was much needed after yesterday… a trying day getting back from Germany with one of the Core Members. (but hello, Bavaria is fantastic!)
So last night I immediately took a shower and then went to a friends, sat by the fire and drank 3 glasses of wine. and then we had dinner, and another glass of wine. and laughed.
today was not filled with laughter but rather confusion and mixed up plans and misplaced items. and loads of dirty laundry.
then i just saw this message from a friend: “I totally am confused by fixies [as in the bike], and skinny jeans…what the?” and it made me laugh out loud.
laughter is the best medicine. and I was thinking about that a lot yesterday. Because for anyone (in this case, with a disability or not) happiness and joy creates physical reactions of smiling, laughter, embracing. Whereas sadness and anger and frustration is usually reacted to with violence and aggression, mean words and fists. In our society we are always trying to have everyone react in societal norms… forcing people to react in ways that aren’t natural for them. By no means to I condone violence with this, but rather, I see on a daily basis how hard of a struggle it is for some of the Core Members to react in ways that are safe when they are upset rather in ways that are violent.
Speaking Words of Love: Often we remain silent when we need to speak. Without words, it is hard to love well. When we say to our parents, children, lovers, or friends: “I love you very much” or “I care for you” or “I think of you often” or “You are my greatest gift,” we choose to give life. It is not always easy to express our love directly in words. But whenever we do, we discover we have offered a blessing that will be long remembered. When a son can say to his father, “Dad, I love you,” and when a mother can say to her daughter, “Child, I love you,” a whole new blessed place can be opened up, a space where it is good to dwell. Indeed, words have the power to create life. -Henri Nouwen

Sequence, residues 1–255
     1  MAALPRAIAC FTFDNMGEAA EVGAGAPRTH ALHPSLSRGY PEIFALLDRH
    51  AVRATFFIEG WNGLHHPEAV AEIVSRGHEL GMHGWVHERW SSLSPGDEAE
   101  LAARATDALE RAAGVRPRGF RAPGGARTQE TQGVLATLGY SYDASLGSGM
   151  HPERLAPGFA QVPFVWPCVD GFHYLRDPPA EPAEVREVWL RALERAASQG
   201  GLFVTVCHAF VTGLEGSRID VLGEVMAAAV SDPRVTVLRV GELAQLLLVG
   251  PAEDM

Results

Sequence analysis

So after a day of trying to speak words of love in the midst of violence and frustration [yesterday], today I chose laughter. I laughed when my dad had me utterly confused about how old I was (convincing me that I was actually a year younger than I claimed and even making me get a calculator out), to hanging out laundry with Patrick, one of the Core Members and following it up by dancing and singing to our man Bruce Springsteen. And yes, I will admit it, choosing to not engage with what was negative all this time as well.
Choosing Life: God says, “I am offering you life or death, blessing or curse. Choose life, then, so that you and your descendants may live” (Deuteronomy 30:19). “Choose life.” That’s God’s call for us, and there is not a moment in which we do not have to make that choice. Life and death are always before us. In our imaginations, our thoughts, our words, our gestures, our actions … even in our nonactions. This choice for life starts in a deep interior place. Underneath very life-affirming behaviour I can still harbour death-thoughts and death-feelings. The most important question is not “Do I kill?” but “Do I carry a blessing in my heart or a curse?” The bullet that kills is only the final instrument of the hatred that began being nurtured in the heart long before the gun was picked up. -Henri Nouwen